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Os treisiodd y gelyn fy ngwlad dan ei droed,
Mae hen iaith y Cymry mor fyw ag erioed,
Ni luddiwyd yr awen gan erchyll law brad,
Na thelyn berseiniol fy ngwlad.

(Though the enemy have trampled my country underfoot,
The old language of the Welsh knows no retreat,
The spirit is not hindered by the treacherous hand
Nor silenced the sweet harp of my land.)


[Land of my Fathers – translation taken from http://www.wales.com ]


Image by texas_mustang (Flickr) [CC-BY-2.0 (http://creativecommons.org/licenses/by/2.0)%5D, via Wikimedia Commons


La versione Italiana è disponibile qui.

Hi 🙂 !

I am on holidays in sunny Italy for a little while and I am taking this chance to write an article that is very important for me.

Today I will talk about language, which is one of the most fascinating things in the world for me. More in specific, we’ll talk about what happens to the language of an expat, (or at least what happened to me) and about language in Wales. And it’s important, how could it not be?

Language gets you by everyday for so many things, and language creates part of your identity and of your attachment to a land.

What does this really mean?

Your mother tongue (or tongues) might be the one with the deepest roots into your mind, the one you’ll always be able to untangle at best, but the languages you learn and use create connections and help you to shape new parts of you.

I’ve seen people struggling to learn and appreciate a language and then suddenly becoming fluent and fascinated by it when it started creating attachment to places, people, situations. This is what it is about. After years in another country, its language is not just practical words, it’s the sound of friends and loved one, of first discoveries, of favourite places, of flavours and music, of whatever your memories shaped them to be. Part of who you are.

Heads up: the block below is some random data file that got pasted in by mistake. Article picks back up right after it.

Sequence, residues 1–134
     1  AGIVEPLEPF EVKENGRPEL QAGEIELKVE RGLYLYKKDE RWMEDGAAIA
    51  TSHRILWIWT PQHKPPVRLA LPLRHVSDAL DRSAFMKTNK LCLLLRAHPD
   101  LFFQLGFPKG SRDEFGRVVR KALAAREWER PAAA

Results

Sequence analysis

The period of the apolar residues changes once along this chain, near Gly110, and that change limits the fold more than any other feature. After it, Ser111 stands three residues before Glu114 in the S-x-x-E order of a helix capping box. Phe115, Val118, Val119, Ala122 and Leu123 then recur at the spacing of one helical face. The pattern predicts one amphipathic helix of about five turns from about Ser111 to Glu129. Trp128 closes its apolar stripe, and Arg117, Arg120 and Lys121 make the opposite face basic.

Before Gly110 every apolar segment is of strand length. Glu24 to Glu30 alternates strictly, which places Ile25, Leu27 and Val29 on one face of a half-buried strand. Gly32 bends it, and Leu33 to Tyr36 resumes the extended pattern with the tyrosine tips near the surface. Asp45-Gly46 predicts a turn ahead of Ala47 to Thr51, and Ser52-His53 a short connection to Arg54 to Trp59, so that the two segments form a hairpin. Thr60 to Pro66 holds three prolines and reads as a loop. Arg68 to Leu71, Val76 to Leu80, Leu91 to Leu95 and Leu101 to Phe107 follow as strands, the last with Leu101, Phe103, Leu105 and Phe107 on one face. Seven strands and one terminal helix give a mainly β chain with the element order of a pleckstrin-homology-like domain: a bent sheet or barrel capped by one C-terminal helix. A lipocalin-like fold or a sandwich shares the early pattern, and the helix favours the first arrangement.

Languages are all different, so people who are bilingual often not only feel they have multiple identities but also different ways to express themselves at best, according to the register and the situation. Some languages are more structured, more polite or louder, cryptic, charming, funnier, and they convey us in different ways. Translation is not always possible and you can just try and adjust the meaning.

This is the reason why I write in English first; Italian might be deeper rooted in my brain, but English makes me feel free to express myself and use a more concise logical structure at the same time. English is my adult life language, while Italian was used during my younger life, so all I got to know, realise and mature in the past few years has had an English form. I interchange the two languages according to the context and often think mixing the two with no distinction. If you embrace it, that’s what bilingualism does, it gives you more tools to express yourself and reshapes your personality.

For a really interesting read about language as identity and language for bilinguals and interpreters, I suggest you read this and this articles.

Language in Wales


Once you arrive in Wales, you’ll notice something straight away: the country is bilingual. The signs on the road are translated and so are the announcements in the train stations, the information in the leaflets and so on.

Welsh is infact still spoken, particularly in the North and in some areas of the South of Wales, and a lot of work has been put into ensuring that the language is being kept alive as much as possible. The language is still taught in schools (and some primary schools and nurseries are bilingual), there are tv and radio channels dedicated to it, language books and translations more or less everywhere and Welsh is even required in some job descriptions, particularly in the public administration sector.

As I mentioned, the language of a country is important to its identity and cultural heritage, so let’s have a look to the history of Welsh language in the past centuries, to better understand the importance that it has for the people who speak it.